LOL ..... even a stoned person can see what's on the horizon! The obvious limitation on EV's breaks down to just two: (1) High Price, (2) Limited Range. Needless to say, if they ever solve both or at least #2 you will probably see a tremendous upswing in sales and applications.
Well its been 50 years, and both those issues are still present. #2 is what killed EVs in the early days of automobiles.
 
  • Like
Reactions: ShagnWagn

ShagnWagn

TS Evangelist
LOL ..... even a stoned person can see what's on the horizon! The obvious limitation on EV's breaks down to just two: (1) High Price, (2) Limited Range. Needless to say, if they ever solve both or at least #2 you will probably see a tremendous upswing in sales and applications.
Don't forget (3) Long Charge Time, (4) No Infrastructure. Unless you are looking to spend $40k+ on a vehicle only to drive straight to work and back home, then these cars are junk. Who feels like waiting around 30+ minutes to charge it to 80%? Don't forget replacing the (5) $10,000+ toxic battery. LOL, epic fail. Mature the technology and infrastructure before you force these on customers.
 

IAMTHESTIG

TS Evangelist
Well if the science community would stop c*ck blocking hydrogen then we'd all be driving around in electric vehicles powered by hydrogen, stopping to refuel in five minutes and going on our way again; just like we always have.

And don't give me all that efficiency making hydrogen vs. electricity for batteries crap - it's inefficient now because they made it inefficient. If they put as much effort into hydrogen as they are with batteries then it would be equally as good a solution.

Batteries just aren't going to cut it, and all these magical scientific "breakthroughs" don't mean crap until they become production, and none of them really have. It's all a pipe dream.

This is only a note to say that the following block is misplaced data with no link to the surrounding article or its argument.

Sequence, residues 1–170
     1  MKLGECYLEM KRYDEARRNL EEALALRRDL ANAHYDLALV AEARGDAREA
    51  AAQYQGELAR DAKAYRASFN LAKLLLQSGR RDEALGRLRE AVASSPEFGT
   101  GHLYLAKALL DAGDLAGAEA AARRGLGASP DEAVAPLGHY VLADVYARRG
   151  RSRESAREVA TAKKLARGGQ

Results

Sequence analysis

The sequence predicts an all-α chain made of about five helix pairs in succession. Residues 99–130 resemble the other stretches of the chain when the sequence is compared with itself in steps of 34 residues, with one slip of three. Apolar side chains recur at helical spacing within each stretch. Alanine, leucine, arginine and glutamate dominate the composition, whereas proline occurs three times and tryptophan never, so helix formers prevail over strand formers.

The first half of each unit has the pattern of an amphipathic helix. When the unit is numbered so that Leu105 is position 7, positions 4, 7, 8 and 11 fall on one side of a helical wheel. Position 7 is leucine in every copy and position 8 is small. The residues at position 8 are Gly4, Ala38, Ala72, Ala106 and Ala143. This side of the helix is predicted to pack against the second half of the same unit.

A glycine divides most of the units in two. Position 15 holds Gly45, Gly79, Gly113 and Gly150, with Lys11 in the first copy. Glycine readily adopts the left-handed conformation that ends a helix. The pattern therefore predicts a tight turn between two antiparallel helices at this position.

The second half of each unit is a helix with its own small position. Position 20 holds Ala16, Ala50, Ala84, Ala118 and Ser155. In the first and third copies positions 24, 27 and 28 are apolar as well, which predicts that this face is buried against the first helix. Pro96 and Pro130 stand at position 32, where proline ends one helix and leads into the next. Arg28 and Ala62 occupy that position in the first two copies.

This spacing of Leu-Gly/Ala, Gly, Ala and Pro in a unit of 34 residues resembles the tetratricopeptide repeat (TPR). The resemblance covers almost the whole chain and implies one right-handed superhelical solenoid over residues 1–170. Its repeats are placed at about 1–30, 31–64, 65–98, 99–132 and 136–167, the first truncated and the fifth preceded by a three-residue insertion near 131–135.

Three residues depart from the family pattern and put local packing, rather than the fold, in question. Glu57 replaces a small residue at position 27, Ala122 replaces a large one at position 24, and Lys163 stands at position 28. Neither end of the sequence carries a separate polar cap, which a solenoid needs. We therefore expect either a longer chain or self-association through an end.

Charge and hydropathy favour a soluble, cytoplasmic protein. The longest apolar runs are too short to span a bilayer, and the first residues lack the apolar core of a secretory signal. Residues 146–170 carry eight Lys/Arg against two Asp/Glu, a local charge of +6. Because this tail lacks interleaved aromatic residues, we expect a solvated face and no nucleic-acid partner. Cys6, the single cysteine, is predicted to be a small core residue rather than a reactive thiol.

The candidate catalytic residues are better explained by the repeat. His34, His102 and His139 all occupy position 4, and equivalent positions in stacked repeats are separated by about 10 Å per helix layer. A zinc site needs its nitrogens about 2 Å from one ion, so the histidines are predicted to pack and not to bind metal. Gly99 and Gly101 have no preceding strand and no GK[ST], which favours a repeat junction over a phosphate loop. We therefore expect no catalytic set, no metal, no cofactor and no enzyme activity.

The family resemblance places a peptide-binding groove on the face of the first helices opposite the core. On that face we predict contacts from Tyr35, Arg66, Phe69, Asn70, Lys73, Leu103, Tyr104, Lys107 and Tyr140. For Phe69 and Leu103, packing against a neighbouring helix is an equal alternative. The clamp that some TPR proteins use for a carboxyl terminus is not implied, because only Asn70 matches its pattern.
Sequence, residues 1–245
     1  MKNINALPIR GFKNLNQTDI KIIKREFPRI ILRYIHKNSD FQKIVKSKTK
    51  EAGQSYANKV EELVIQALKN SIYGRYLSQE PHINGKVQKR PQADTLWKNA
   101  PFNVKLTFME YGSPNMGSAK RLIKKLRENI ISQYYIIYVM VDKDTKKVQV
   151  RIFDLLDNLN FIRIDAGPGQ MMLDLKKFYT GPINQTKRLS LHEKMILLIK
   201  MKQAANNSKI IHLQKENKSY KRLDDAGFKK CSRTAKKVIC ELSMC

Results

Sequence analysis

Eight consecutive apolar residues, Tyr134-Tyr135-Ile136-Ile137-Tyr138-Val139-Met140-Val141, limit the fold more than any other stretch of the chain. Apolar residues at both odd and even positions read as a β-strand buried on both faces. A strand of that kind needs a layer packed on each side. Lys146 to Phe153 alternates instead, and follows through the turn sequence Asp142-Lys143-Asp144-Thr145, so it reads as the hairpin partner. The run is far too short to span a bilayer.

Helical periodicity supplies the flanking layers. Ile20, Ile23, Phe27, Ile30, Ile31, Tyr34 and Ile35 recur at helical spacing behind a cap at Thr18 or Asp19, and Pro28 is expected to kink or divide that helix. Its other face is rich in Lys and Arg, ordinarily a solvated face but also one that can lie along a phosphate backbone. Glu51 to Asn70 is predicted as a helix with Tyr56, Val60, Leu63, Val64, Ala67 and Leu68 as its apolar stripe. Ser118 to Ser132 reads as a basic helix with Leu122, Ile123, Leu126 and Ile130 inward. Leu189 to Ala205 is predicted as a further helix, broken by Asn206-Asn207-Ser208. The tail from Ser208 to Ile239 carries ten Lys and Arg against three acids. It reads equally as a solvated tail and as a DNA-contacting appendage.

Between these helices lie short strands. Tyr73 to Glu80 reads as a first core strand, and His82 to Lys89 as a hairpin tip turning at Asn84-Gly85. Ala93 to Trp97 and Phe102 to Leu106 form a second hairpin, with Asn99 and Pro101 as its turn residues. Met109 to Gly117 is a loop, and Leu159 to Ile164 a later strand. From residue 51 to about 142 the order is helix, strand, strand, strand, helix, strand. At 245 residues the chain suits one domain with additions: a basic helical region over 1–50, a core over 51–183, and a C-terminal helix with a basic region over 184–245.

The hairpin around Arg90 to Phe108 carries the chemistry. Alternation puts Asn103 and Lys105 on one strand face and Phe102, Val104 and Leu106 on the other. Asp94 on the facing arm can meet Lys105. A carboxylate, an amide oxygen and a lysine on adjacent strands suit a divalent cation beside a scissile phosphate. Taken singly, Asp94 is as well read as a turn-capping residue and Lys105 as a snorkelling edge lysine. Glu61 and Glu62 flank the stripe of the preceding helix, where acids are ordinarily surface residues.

I really believe hydrogen is the answer, they just don't want it to be because then people won't keep buying new cars to get a new battery pack.
 
  • Like
Reactions: tkabou

HofyPC

TS Enthusiast
Aside from range and charge times Cadillac needs to start building a vehicle that will last. All their stuff is disposable junk now.
 

cliffordcooley

TS Redneck
The only thing that really bothers me about electric vehicles is the huge maintenance cost. With Ice there are hundreds of components that minimize the repair cost. The only way I would even consider electric. Is if replacing the batteries were no more expensive than replacing an ICE engine. And the batteries were not sold as one complete unit.

If it is going to cost $5K every time a battery fails, no thank you.

And the safety issues with high current causing fires. I would insist all high current connector have thermal sensors to prevent overheating.
 

wiyosaya

TS Evangelist
The only thing that really bothers me about electric vehicles is the huge maintenance cost. With Ice there are hundreds of components that minimize the repair cost. The only way I would even consider electric. Is if replacing the batteries were no more expensive than replacing an ICE engine. And the batteries were not sold as one complete unit.

If it is going to cost $5K every time a battery fails, no thank you.

And the safety issues with high current causing fires. I would insist all high current connector have thermal sensors to prevent overheating.
At today's ranges of about 200 miles, and charge lifetimes of 1,000 that's 200,000 miles before you'll need a new battery. Do you get 200,000 miles out of your current ICE car?